An Israeli airstrike killed a prominent Palestinian doctor and eight members of his extended family after they complied with orders to evacuate.

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Abdel-Hadi Ghabaeen, an uncle of one of the deceased, said they had been working to secure the delivery of humanitarian aid and commercial shipments through the crossing. He said he saw soldiers detain them on Saturday, and that the bodies bore signs of beatings, with one having a broken leg.

The Israeli military said it was looking into the reports.

Thousands of Palestinians have been detained since the start of the war, and many of those who have been released, as well as some Israelis who have worked at detention facilities, say detainees have been tortured and held under harsh conditions. Israeli authorities have denied abusing prisoners.

Israeli airstrikes overnight and into Sunday meanwhile killed at least 13 Palestinians, including the undersecretary of labor in the largely dismantled Hamas-run government.

Ihab al Ghussein was among four people killed in a strike on a school-turned-shelter in Gaza City, according to the Civil Defense, a first responders group under the Hamas-run government. Hamas mourned his loss in a statement and said a strike earlier in the war had destroyed his house and killed his wife and daughter.


The Israeli military said it had struck a militant complex “in the area of a school building,” as well as a nearby Hamas weapons-making facility in Gaza City after taking steps to mitigate harm to civilians.

Israel trades fire with Hezbollah

The Lebanese militant group Hezbollah said early Sunday that it launched dozens of projectiles toward northern Israel, targeting areas more than 20 miles from the border, deeper than most launches. A 28-year-old man was seriously wounded, Israel’s national rescue service reported.

The escalating war between Hezbollah and Israel — coupled with scorching heat — has sparked fires that are destroying forests and farmland.

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Another attack near the border wounded three people, one of them seriously, according to the Galilee Medical Center. Israeli media reported that the critically wounded individual was an American citizen. There was no immediate confirmation from the army.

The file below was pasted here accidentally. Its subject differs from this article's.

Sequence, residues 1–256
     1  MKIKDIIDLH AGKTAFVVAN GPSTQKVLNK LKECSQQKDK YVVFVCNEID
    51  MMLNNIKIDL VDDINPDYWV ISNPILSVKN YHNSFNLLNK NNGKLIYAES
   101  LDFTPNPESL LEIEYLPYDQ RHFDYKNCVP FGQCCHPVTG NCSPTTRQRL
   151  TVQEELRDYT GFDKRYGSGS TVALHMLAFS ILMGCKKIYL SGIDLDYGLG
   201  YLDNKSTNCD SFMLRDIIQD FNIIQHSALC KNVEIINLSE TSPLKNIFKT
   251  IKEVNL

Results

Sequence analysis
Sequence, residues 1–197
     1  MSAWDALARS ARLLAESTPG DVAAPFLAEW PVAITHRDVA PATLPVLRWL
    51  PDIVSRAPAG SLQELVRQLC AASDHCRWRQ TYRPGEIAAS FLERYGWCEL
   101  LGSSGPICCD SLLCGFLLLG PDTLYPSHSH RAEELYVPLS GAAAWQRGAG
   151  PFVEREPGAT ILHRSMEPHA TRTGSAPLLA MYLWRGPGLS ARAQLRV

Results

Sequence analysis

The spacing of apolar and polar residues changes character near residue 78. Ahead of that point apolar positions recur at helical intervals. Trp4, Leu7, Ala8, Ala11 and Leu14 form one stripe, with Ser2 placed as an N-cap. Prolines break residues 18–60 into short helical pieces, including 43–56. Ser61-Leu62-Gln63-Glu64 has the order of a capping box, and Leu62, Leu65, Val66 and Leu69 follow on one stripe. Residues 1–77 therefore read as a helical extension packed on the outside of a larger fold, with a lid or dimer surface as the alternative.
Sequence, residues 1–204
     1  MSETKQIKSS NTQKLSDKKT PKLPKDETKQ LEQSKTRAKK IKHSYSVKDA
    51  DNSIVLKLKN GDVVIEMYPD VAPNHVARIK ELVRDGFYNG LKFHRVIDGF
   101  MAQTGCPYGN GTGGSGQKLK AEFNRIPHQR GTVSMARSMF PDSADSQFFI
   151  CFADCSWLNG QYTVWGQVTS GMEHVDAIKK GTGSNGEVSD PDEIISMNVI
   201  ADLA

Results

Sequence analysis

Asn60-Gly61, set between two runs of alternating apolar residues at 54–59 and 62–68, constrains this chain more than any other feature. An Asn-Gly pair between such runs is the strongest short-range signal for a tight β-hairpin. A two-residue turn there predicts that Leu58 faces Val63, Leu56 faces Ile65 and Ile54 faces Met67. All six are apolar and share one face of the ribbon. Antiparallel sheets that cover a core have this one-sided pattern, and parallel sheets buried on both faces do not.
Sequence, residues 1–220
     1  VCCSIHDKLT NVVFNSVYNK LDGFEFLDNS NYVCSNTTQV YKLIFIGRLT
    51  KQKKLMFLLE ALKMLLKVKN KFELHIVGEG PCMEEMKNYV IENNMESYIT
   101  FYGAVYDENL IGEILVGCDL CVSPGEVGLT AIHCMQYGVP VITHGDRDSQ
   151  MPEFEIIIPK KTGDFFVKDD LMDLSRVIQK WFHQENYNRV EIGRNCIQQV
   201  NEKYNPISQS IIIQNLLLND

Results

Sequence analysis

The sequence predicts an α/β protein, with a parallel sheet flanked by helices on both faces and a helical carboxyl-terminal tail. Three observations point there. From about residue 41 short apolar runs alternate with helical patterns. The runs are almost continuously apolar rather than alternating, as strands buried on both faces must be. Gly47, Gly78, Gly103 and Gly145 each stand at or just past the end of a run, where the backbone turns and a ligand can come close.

Hezbollah began launching rocket and mortar attacks after the outbreak of the war in Gaza. The range and severity of the attacks and Israel’s counterstrikes have escalated in recent weeks, raising fears of an all-out war that would have catastrophic consequences for people on both sides of the border.

Mediators from the United States, Egypt and Qatar have intensified their efforts in the past week to broker an agreement between Israel and Hamas. Hezbollah has said it will halt its attacks if there is a cease-fire in Gaza.

The compromise on Saturday by Hamas could lead to the first pause in fighting since November and set the stage for further talks, though all sides still warned that a deal is not yet guaranteed.


Lebanese officials deny irregularities after media reports alleged Hezbollah stored weapons at the Beirut airport.

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Washington’s phased deal would start with a “full and complete” six-week cease-fire during which older, sick and female hostages would be released in exchange for hundreds of Palestinian prisoners. During those 42 days, Israeli forces would withdraw from densely populated areas of Gaza and allow the return of displaced people to their homes in northern Gaza.

War-weary Palestinians in the Gaza Strip appeared pessimistic, after previous instances in which the two sides appeared to be closing in on a deal.

“We have lived nine months of suffering,” said Heba Radi, a mother of six children living in a tent in the central city of Deir al Balah, where she has been sheltering since they fled their home in Gaza City. “The cease-fire has become a distant dream.”

Lidman and Magdy write for the Associated Press. Lidman reported from Tel Aviv, Magdy from Cairo.